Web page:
Vasogen Inc. entered an underwriting agreement on a bought-deal basis for a C$17 million (US$10.84 million) financing to advance clinical trials of its immune modulation therapy.
Toronto-based Vasogen sold about 3.5 million shares at C$4.85. It now has about 52 million shares outstanding, and had C$45 million in cash as of April 30, President and CEO David Elsley said. The syndicate of underwriters was led by Research Capital Corp., also of Toronto.
“The money will enable us to immediately accelerate into a Phase III trial for congestive heart failure based on our Phase II results,” Elsley said, adding that the positive results reported earlier this year put the company two years ahead of schedule in that indication.
Elsley said the Phase III trial will take about two years to complete.
When the results of the Phase II trial were reported in February, Elsley said he expected to file with the FDA’s Bureau of Medical Devices by the end of 2004. Previously, the company expected to launch the product in that indication in early 2006 or 2007. Following the Phase II results, he said he expected the product launch to occur as early as 2005. (See BioWorld Today, March 1, 2002.)
The Phase III trial in congestive heart failure will be the company’s second. A Phase III trial is under way in peripheral arterial disease, for which Vasogen expects results in late 2003, Elsley said.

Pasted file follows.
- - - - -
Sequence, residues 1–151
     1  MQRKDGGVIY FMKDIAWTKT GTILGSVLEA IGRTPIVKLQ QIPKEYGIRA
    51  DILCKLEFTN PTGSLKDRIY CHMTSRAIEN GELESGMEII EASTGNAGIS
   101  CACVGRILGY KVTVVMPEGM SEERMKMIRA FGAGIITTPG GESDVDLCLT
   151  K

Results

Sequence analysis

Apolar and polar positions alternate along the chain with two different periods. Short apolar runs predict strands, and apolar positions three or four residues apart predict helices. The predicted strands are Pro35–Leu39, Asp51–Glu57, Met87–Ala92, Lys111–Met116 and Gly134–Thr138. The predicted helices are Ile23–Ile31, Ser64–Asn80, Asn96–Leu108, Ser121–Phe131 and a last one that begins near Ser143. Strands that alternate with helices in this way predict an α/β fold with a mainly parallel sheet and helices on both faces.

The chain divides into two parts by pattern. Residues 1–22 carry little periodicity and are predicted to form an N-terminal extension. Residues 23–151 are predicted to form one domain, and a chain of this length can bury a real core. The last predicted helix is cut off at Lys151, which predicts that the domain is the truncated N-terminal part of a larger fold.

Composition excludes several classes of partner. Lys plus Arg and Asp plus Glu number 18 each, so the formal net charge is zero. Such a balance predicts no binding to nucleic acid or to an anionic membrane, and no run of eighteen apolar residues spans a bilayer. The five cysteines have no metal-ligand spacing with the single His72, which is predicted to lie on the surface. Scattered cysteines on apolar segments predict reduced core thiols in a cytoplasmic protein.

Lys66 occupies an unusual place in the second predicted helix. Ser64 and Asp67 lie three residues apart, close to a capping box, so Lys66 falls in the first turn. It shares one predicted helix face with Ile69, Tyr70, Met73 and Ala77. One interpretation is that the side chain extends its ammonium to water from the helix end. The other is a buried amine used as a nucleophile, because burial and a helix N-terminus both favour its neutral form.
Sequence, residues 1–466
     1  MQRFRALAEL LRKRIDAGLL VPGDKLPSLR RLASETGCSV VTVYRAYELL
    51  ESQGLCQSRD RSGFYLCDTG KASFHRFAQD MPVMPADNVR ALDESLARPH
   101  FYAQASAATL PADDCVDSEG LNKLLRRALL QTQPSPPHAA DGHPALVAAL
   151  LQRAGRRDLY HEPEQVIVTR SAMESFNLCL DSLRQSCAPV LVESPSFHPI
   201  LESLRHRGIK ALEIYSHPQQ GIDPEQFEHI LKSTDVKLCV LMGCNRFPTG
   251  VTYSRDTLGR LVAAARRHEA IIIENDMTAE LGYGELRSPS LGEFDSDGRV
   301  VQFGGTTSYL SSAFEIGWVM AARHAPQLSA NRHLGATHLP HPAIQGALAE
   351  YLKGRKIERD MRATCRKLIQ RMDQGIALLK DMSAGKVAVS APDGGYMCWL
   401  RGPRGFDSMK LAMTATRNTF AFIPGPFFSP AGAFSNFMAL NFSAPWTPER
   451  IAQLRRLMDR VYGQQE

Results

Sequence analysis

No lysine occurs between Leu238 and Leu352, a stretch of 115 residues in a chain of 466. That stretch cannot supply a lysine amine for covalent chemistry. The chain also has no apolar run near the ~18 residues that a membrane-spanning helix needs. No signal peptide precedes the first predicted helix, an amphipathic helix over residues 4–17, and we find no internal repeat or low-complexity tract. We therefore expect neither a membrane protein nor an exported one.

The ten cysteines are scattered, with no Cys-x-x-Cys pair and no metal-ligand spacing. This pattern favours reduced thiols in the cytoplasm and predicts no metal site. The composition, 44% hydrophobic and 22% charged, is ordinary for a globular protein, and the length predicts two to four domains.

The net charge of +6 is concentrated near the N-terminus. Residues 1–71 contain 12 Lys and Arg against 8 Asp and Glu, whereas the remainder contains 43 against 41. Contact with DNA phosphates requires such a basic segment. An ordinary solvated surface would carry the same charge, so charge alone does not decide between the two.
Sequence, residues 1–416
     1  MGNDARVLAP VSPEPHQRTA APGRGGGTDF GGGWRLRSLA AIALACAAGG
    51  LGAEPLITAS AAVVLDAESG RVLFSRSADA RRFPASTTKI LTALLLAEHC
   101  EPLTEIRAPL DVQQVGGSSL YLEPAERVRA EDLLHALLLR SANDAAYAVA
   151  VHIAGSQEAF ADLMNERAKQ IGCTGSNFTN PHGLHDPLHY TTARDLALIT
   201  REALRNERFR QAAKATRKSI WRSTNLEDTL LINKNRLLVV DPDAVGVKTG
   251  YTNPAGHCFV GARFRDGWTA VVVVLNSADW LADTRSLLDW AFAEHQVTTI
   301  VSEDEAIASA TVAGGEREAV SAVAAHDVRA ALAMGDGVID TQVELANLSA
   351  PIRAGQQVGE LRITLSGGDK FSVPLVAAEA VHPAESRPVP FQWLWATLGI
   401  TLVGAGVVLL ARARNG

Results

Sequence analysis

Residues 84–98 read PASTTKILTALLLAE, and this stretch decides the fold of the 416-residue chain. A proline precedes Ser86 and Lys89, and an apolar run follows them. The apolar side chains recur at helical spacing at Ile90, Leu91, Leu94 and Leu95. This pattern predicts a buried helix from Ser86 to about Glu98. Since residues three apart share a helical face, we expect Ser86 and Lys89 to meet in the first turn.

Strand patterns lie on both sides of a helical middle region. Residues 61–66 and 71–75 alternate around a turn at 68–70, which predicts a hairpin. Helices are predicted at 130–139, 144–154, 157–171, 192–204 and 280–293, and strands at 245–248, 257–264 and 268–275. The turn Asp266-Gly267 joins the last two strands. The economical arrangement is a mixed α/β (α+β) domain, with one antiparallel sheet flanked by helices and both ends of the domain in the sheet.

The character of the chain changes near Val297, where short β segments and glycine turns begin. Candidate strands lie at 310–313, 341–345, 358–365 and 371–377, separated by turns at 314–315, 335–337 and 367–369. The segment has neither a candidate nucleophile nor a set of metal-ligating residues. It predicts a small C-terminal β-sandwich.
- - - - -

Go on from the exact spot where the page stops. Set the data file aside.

Immune modulation therapy is delivered during a 20-minute outpatient procedure involving the stressing of a small sample of a patient’s blood using a medical device, followed by the administration of the stressed cells back to the patient. By interacting with the patient’s immune system, macrophages and dendritic cells are triggered by the stressed cells to produce regulatory cytokines. That is intended to lead to a decrease in pro-inflammatory Th1 cells and cytokines. Simultaneously, the number of Th2 cells is increased, which leads to increased production of regulatory cytokines. The process of modulating levels of both anti-inflammatory and pro-inflammatory cytokines leads to a decrease in inflammation, the company said.
Additionally, the company has a Phase I/II trial in chronic lymphocytic leukemia, a Phase II trial in psoriasis, and a pilot Phase I/II trial in graft-vs.-host disease, which, if successful, would lead to a larger study, Elsley said.
Vasogen also is studying preclinical candidates in neurology.
Vasogen’s stock (TSE:VAS) fell C49 cents Tuesday to close at C$4.90.